---------------------

Wanna show a flickr photo?

.. code-block:: rst

  .. flickr:: myPhotoTitle

How about using openomy.com to share your files?
And whatever else you can think of, it probably
**can** be done.

It's very easy to extend
------------------------

Really. It's simple python code.

* The module to do syntax highlighting has 41 lines.

* The module to do dynamic animated menus has 103.

* The module to do calendars has 72.

If there is a python module or web service to do what you
want, hooking it into BartleBlog is simple.

And it has kickass features
---------------------------

Like online, embedded, animated slideshows! Like this one!
Done with 65 lines of simple almost-plain-text markup!
Ok, it's not fully implemented yet, because it needs some manual
code, but the hard part is done!

Or automatic SVN changelog display ( I admit that's *somewhat niche* ;-))

Now, who else has that kind of thing?

2007-04-10 23:13

Son of BartleBlog XIV: Moo

A new gadget: Mootools based menus.

It takes the same data format I used for the Yahoo UI menubar, and creates a dynamic, sliding, animated, pretty, works-on-lynx menu.

No screenshot because it makes no sense without the movement. You can see it at the top of the sidebar (click on the darker items, outside the links... that needs work).

And yes, that means this blog has, right now, two menus with exactly the same data in them. And on a non-JS browser both are fully expanded.

But that's just temporary ;-)

2007-04-08 20:22

Son of BartleBlog XIII: your blog software doesn't do this

The nerdiest feature of all time... simple SVN logs.

Here's the RST code:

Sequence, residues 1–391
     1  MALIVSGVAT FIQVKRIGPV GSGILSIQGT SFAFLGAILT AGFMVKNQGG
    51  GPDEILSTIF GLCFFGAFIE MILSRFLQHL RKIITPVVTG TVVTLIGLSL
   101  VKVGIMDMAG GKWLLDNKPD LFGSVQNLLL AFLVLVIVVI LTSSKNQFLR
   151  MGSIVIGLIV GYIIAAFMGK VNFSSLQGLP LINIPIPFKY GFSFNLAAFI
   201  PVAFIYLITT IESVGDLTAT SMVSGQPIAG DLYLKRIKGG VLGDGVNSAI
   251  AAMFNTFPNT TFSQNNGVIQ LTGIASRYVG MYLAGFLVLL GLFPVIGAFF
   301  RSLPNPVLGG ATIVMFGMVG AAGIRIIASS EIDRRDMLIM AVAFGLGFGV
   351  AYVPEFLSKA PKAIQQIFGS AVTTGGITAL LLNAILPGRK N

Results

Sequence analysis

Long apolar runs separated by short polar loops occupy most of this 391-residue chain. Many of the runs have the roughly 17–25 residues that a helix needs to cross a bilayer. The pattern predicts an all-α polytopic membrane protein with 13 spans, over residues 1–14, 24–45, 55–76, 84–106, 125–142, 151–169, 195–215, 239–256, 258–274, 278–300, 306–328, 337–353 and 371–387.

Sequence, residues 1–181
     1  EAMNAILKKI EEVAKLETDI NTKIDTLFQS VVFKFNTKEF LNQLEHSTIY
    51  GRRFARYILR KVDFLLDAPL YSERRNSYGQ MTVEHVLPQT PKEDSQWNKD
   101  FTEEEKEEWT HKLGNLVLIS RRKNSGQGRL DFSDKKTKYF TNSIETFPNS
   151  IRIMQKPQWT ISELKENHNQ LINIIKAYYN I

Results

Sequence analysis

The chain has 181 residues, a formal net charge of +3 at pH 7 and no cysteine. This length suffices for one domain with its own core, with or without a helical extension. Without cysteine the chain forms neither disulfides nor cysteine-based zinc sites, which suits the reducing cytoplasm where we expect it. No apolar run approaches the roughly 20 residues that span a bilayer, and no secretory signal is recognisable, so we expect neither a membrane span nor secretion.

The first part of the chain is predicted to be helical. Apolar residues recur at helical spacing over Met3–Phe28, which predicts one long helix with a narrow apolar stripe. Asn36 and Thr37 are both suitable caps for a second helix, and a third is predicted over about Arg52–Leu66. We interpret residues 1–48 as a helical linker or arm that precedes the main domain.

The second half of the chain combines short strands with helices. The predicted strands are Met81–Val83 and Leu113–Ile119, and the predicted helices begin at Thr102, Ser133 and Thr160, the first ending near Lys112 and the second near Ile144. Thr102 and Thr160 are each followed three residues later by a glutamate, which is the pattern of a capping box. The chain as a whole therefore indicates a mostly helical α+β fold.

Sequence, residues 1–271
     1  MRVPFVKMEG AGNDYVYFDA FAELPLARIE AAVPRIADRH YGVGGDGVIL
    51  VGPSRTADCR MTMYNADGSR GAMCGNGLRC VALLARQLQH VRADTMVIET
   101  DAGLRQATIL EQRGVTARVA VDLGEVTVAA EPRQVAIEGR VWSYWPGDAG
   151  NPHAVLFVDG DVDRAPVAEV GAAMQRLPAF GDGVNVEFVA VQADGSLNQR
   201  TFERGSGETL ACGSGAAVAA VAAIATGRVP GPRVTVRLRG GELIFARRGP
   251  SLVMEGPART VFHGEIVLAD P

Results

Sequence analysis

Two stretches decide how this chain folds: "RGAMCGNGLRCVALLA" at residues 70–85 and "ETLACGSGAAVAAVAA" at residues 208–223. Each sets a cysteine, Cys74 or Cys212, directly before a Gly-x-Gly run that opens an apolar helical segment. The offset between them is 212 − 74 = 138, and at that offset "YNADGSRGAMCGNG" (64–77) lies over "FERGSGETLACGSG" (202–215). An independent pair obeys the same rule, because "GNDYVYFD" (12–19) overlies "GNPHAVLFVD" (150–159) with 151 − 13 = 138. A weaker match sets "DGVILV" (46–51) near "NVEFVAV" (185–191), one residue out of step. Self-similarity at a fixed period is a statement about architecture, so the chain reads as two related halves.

.. svnlog:: https://ra-blog.googlecode.com/svn/trunk/
  :limit: 3

And here is what it does:


System Message: ERROR/3 (<string>, line 14)

Unknown directive type "svnlog".

.. svnlog:: https://ra-blog.googlecode.com/svn/trunk/
  :limit: 3


You can see the entries are nicely formatted. That's because this restructured text directive connects to your SVN server, retrieves the changelog, parses it, tries to process the individual entries as restructured text, and then formats and spits it out again.

I decided to add the recursive parsing because I tend to format everything I write as valid restructured text anyway. But that means I can include images, tables, files, and even other logs in my entries.

How is it useful? Well, I intend to have my projects' pages written using this. This way I don't need to keep a changelog.

Also, I bet the title is right ;-)

2007-04-08 18:20

Son of BartleBlog XII: post in mere seconds

It was pretty hard, but I finally managed to make bartleblog re-render only the necessary pages.

In fact, now my blog has a few less pages because some random stuff was generated in the past, and never got deleted.

There are still some bugs but, with this, it's a reasonably useful app.

Todo:

  • Alternative comment system based on JS-Kit
  • Flickr photoset directive
  • Nicer Openomy tag directive
  • Flickr and Openomy uploading
  • Many config pages and wizards
  • Background rendering
  • Lots of UI love
  • FeedBurner support to automatically use their version of the RSS feeds

Other than that, it's pretty much feature-complete, or at least it has enough features a nerd can use it to post a blog just like this one, for whatever that's worth.

2007-04-05 14:37